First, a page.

Tinnitus Week

This week, we are helping to spread awareness and provide support to those afflicted by tinnitus. The Tinnitus Week initiative has grown to become a global collaboration between major hearing-centered organizations including the American Tinnitus Association and British Tinnitus Association.

Tinnitus impacts millions around the world, an estimated one in 10. 45 million are affected in the U.S. alone. The more awareness that can be brought to the issue, the greater likelihood for more research funding and support programs for sufferers.

Symptoms of tinnitus are commonly referred to as ringing in the ears but can also be a variety of different perceived sounds, tonal and pulsing. It can manifest itself as ringing, hissing, static, crickets, screeching, whooshing, roaring, pulsing, waves, buzzing, dial tones, or even music. The saying, “it’s all in your head” applies. In almost all cases, tinnitus is a subjective noise; only the one afflicted can hear it.

Generally, patients perceive sounds in three variations:

  1. Tonal – perception of near-continuous sound with well-defined frequencies, with fluctuating volume.
  2. Pulsatile – perception of pulsing sounds, often in-beat with the patient’s heartbeat.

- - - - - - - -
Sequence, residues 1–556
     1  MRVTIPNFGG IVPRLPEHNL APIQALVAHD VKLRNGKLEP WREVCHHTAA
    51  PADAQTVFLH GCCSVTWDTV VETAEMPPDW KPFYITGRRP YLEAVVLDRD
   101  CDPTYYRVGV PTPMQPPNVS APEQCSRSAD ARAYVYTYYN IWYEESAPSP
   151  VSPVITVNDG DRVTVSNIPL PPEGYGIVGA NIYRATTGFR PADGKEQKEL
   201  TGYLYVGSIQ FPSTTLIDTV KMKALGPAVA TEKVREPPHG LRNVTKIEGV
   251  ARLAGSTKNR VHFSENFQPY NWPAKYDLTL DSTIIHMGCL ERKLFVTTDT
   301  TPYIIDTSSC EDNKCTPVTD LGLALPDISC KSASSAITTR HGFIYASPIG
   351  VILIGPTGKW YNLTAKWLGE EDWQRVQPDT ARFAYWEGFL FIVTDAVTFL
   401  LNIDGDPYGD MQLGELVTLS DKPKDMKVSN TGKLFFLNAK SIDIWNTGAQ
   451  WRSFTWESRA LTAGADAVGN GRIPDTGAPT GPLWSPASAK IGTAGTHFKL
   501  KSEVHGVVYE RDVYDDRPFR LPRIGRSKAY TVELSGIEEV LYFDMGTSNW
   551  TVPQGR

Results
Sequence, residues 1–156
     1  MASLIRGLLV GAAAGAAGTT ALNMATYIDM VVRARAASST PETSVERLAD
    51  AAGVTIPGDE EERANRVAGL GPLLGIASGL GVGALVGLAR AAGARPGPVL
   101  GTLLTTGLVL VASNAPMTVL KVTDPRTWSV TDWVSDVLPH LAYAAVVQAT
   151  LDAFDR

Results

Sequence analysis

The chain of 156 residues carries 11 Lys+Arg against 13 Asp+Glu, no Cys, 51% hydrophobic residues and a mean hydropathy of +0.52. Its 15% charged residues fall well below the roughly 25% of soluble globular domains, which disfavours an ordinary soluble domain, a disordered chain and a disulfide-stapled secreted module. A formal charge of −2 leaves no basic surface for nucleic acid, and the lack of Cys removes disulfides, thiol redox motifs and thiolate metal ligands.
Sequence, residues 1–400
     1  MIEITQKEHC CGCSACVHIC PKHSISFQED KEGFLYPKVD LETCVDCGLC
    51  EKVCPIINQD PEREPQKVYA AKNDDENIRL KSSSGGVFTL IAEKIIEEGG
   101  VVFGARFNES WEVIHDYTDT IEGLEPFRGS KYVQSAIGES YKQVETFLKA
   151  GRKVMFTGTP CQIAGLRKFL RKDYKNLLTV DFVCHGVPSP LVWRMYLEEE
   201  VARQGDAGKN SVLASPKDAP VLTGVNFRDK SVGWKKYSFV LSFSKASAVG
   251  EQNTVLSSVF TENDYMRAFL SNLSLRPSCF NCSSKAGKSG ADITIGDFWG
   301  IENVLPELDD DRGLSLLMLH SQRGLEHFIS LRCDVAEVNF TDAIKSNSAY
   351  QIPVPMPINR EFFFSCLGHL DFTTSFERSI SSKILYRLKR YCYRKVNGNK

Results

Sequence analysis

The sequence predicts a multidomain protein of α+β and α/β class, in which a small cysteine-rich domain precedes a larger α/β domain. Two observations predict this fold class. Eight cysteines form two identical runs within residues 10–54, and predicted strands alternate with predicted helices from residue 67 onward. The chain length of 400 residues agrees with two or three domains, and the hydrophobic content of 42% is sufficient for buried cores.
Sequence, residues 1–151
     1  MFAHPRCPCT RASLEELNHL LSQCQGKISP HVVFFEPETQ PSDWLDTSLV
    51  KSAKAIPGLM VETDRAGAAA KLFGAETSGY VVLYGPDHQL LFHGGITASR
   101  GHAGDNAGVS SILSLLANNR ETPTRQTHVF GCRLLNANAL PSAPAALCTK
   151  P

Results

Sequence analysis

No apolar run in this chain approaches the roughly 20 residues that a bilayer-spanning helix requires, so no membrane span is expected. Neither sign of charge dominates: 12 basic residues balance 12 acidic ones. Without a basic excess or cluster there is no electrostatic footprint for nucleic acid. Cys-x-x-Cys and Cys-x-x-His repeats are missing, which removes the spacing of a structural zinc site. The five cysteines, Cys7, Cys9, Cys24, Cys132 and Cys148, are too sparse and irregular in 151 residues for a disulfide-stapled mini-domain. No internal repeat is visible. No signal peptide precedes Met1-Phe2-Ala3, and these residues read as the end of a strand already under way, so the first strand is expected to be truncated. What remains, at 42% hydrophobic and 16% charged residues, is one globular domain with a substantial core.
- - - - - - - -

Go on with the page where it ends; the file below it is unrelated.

3. Musical – also known as “Musical Ear Syndrome”; the perception of music or singing, sometimes the same tune on a constant loop.

To hear samples of sounds that tinnitus patients may hear, the American Tinnitus Association has posted several on their website. Some include:

Statistically, the populations that are more prone to getting tinnitus are Caucasians, males, older people, those who work in noisy environments, musicians and those with behavioral health issues.

Tinnitus isn’t a disease in and of itself, but can be a symptom of another underlying health condition. These could include hearing loss (#1 cause of tinnitus), middle ear obstructions, head/neck trauma, Temporomandibular Joint Disorder (TMJ), sinus pressure to name a few. Left untreated it can affect people’s overall well-being, leading to anxiety, depression, sleep disruption, inability to work and social avoidance.

Since tinnitus is a subjective condition, it can be difficult to diagnose and measure, but there are ways we can help. Our doctors of audiology have tools and clinical methods to help evaluate and diagnose tinnitus in our patients. If you or someone you know is affected by tinnitus, we encourage you to contact us to set up an appointment. You don’t have to let it continue to negatively impact your quality of life.

Treatment for tinnitus may include addressing any underlying hearing loss, managing your sleep better, sound therapy, relaxation techniques and overall health management. But the best way to prevent tinnitus is to protect your hearing in the first place. Remember to always wear hearing protection in noisy environments, especially if it’s part of your profession.